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  1. #21
    markbarendt's Avatar
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    Quote Originally Posted by RPC View Post
    But there is more to it than that. One's shutter speeds at various settings, apertures at various settings, meter and metering technique may not be totally reliable, giving one exposure errors when least expected. I believe that unless one has tested these well, then a half a stop to a stop of overexposure is a good idea. This will help insure preservation of shadow detail without compromising highlights as mentioned earlier, for both over- and under- exposure errors, unless the errors are very large.
    The testing you suggest is a good idea, it can be done in just a few frames to get a good feeling of how things are working.

    Leaning toward over exposure as a normal thing though is not a free lunch, it's a crutch.

    The first cost is most likely shutter speed, extra exposure time raises extra risk of blur. I'd much rather have some under exposure than some blur. Blurred images, unless on purpose, are simply trash.

    Then in the enlarger thicker negatives make for longer print times and make it tougher to place/use meters and make it tougher to use the aperture setting that is optimum...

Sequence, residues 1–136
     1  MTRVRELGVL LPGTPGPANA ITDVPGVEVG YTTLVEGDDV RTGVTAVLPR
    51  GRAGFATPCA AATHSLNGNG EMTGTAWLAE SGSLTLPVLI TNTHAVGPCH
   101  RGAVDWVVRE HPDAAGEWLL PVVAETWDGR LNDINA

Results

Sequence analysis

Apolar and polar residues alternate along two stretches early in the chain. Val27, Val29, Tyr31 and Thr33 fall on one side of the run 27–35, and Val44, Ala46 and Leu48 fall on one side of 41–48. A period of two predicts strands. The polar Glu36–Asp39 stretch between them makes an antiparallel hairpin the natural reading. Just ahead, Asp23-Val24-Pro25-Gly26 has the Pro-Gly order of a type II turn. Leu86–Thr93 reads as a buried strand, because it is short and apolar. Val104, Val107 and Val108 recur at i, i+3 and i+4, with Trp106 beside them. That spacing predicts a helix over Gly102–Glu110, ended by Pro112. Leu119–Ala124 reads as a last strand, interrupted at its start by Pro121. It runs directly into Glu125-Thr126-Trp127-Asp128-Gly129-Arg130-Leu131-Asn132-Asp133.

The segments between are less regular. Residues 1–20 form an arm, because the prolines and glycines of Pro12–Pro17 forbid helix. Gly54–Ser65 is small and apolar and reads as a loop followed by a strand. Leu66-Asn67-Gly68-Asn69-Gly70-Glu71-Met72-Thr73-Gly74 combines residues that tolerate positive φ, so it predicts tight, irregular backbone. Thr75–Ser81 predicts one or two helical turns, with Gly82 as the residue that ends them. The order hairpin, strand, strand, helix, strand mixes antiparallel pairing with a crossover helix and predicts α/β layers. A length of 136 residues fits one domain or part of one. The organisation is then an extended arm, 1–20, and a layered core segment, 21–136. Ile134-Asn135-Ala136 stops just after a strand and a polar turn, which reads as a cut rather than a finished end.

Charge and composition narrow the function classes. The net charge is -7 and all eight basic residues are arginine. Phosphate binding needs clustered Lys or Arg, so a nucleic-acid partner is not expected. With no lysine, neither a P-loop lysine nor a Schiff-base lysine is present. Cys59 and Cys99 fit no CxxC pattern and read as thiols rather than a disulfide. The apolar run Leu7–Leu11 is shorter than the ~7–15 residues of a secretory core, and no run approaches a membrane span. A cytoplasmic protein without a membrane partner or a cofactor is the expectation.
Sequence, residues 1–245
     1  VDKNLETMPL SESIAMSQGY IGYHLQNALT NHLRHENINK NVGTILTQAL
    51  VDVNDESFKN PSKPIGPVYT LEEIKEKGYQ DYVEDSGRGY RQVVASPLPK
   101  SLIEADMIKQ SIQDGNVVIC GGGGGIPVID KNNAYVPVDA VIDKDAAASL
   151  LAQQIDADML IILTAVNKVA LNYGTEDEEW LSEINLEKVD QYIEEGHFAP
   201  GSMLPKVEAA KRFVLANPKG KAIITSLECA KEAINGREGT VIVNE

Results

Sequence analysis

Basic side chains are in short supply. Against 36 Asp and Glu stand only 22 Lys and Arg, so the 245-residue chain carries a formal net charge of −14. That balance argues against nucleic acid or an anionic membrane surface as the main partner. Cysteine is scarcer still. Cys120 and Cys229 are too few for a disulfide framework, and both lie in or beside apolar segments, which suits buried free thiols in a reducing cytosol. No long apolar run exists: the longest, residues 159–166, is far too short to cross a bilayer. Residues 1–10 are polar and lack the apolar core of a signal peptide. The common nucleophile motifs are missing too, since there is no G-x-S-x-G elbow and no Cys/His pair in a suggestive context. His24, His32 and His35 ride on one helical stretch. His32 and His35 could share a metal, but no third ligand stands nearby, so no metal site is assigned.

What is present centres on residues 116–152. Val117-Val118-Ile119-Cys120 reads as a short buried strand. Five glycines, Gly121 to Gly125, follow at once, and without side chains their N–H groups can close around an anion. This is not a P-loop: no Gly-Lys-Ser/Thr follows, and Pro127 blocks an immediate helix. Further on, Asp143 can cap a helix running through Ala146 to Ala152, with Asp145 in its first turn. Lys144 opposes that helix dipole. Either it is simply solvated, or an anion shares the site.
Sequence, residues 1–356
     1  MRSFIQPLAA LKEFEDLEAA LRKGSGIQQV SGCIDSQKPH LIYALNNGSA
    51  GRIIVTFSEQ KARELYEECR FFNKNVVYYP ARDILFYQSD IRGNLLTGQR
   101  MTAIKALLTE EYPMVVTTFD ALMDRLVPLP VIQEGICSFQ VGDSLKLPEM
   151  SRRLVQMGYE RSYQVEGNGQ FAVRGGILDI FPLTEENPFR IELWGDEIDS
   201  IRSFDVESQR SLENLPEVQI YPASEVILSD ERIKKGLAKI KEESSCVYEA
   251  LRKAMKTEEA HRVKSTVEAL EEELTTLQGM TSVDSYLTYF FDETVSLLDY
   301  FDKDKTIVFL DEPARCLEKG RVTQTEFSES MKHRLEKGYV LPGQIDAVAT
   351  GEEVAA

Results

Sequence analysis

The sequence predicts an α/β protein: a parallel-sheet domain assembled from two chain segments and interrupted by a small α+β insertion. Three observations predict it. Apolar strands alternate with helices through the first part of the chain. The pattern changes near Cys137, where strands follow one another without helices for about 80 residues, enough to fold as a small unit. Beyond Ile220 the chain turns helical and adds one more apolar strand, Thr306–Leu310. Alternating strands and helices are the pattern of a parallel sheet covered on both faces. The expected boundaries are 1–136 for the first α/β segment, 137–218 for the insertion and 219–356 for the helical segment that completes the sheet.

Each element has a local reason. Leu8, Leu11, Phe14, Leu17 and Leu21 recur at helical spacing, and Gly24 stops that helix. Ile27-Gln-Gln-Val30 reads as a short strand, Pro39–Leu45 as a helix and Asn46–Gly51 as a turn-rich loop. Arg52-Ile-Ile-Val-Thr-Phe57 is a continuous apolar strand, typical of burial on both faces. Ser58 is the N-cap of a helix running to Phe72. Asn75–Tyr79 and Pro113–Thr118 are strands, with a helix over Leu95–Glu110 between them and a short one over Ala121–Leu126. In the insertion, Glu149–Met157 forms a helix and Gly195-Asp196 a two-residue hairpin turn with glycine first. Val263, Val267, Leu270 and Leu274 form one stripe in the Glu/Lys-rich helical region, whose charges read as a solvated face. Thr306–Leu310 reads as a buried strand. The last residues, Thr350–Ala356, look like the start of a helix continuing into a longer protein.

Mark Barendt, Beaverton, OR

    "We do not see things the way they are. We see things the way we are." Anaïs Nin

  2. #22
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    Quote Originally Posted by RPC View Post
    But there is more to it than that. One's shutter speeds at various settings, apertures at various settings, meter and metering technique may not be totally reliable, giving one exposure errors when least expected. I believe that unless one has tested these well, then a half a stop to a stop of overexposure is a good idea. This will help insure preservation of shadow detail without compromising highlights as mentioned earlier, for both over- and under- exposure errors, unless the errors are very large.
    All I can tell you is it works for me.
    Ben

  3. #23

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    With current Kodak PRO color neg films (Portra, Ektar) box speed seems to be spot on. But if you
    do make an error, you're better off overexposing rather than underexposing. Siginificant exp errors
    will come with color reproduction issues, however. Amateur films, on the other hand, are marketed
    under the assumption that serious exposure as well as storage issues will be present. Just depends
    how nitpicky you are, unless you're just bending the rules for creative effect. I'm admittedly very
    nitpicky - I want optimum not generalized results, and spotmeter everything.

  4. #24
    RPC
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    Quote Originally Posted by markbarendt View Post
    Leaning toward over exposure as a normal thing though is not a free lunch, it's a crutch.

    The first cost is most likely shutter speed, extra exposure time raises extra risk of blur. I'd much rather have some under exposure than some blur. Blurred images, unless on purpose, are simply trash.

    Then in the enlarger thicker negatives make for longer print times and make it tougher to place/use meters and make it tougher to use the aperture setting that is optimum...
    I have never found any of these to be a problem, and in general I believe the benefits of a little overexposure outweigh any risks.